| Prime Minister Tony Blair with his deputy John Prescott at the opening session of the Labour party conference at Blackpool, England. (AFP)
Blackpool (England), Sept. 30 (Reuters): Prime Minister Tony Blair faced a revolt today from rebel members of his ruling Labour Party over London’s hawkish, pro-American stance on Iraq.
A motion put forward by the anti-war faction at Labour’s annual conference in the northern seaside town of Blackpool challenged Blair “to reject armed action, and... not to support military intervention in Iraq”.
While not expected to pass, the motion was nevertheless proving a focal point for a faction of Labour legislators upset at Blair’s support for US President George W. Bush’s build-up of pressure on Iraqi President Saddam Hussein.
“It’s come to something when the Labour leader takes the side of the most Right-wing Republican faction in the US,” one of those legislators, George Galloway, said.
He and more than 50 other Labour members also voted against Blair in an emergency debate on Iraq in parliament last week and helped lead 150,000 people at a weekend peace rally in London.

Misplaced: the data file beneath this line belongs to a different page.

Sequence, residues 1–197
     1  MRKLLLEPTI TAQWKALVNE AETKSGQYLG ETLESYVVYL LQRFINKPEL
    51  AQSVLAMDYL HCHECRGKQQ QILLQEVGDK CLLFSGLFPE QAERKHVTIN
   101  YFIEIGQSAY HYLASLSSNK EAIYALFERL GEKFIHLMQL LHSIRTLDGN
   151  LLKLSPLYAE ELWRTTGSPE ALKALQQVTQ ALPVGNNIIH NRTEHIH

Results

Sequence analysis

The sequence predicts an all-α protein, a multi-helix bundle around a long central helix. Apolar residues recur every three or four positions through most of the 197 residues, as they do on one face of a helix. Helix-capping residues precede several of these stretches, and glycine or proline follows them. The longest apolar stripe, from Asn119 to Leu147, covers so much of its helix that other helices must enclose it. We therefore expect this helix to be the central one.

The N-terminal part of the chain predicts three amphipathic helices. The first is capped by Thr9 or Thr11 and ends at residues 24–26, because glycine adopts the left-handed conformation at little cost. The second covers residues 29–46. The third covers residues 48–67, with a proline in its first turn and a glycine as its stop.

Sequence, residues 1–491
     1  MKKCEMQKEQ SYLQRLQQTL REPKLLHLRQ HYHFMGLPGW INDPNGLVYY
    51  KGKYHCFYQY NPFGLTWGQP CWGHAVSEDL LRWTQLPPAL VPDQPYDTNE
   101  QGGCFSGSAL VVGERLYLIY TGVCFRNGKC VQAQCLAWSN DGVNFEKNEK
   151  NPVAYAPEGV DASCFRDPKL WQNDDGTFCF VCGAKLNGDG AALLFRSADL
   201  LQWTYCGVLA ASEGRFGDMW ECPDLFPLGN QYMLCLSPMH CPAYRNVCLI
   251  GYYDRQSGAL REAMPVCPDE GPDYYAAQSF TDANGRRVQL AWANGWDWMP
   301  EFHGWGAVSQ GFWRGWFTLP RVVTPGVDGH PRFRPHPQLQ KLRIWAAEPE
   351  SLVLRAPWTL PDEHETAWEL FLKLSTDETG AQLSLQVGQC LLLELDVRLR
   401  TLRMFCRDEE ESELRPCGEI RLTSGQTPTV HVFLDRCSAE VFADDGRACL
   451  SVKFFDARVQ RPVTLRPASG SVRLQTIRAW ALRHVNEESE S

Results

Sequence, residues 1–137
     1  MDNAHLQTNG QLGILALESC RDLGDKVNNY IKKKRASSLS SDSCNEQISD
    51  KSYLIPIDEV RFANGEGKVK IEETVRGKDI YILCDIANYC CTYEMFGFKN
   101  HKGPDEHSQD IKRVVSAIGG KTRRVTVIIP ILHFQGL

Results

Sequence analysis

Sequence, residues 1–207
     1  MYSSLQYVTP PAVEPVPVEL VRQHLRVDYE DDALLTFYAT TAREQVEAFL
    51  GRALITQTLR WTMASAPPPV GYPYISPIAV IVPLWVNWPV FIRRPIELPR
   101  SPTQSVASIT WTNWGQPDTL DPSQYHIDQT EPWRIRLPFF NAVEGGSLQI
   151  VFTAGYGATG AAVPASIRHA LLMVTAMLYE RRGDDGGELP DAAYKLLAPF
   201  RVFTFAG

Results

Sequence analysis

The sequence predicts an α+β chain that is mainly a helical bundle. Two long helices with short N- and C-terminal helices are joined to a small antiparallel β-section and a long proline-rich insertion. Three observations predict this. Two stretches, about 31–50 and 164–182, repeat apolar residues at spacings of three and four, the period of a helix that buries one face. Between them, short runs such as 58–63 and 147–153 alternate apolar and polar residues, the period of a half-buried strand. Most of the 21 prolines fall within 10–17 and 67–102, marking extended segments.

Blair was set to hear out his critics, but made clear on the eve of the conference he would not waver on Iraq. “I hope he (Saddam) can be forced by international pressure, but if not then we have to be prepared as an international community to force him to do it the other way,” he said. He also won strong support from his powerful finance minister Gordon Brown, who was reported to have been troubled by the economic impact of potential conflict in the Gulf.
“The strongest message must go out to Saddam Hussein from the international community that his actions cannot continue unchecked and with impunity,” Brown said in a conference speech.
London and Washington are trying to push through a tough UN Security Council resolution threatening military action if Iraq does not renounce weapons of mass destruction.
Such a resolution would make Blair’s task of convincing Britons considerably easier. Polls show the majority oppose a US-led attack but would be supportive of UN-backed strikes.
The contentious Iraq motion at Blackpool directly contradicted Blair’s recent dossier on Saddam’s weapons capacity by noting “the view of most western experts... that little or no evidence exists to substantiate claims that Iraq possesses weapons of mass destruction.”
In a reference calculated to sting stalwarts of the Centre-Left Labour Party, for whom South African leader Nelson Mandela is an icon, the motion also backed “the call from Nelson Mandela not to follow President Bush into a war”.
In what one commentator called “an entire day of blood-letting,” Blair also faced a rough ride on the domestic front. Angry Labour-affiliated unions were demanding an inquiry into the government’s controversial policy of letting private firms build and run some key social services like hospitals.
A motion presented by the unions, who still wield heavy influence within the party structure, criticised the “expensive unaccountable privatised services delivered on the back of cuts to the pay and conditions of vulnerable workers.”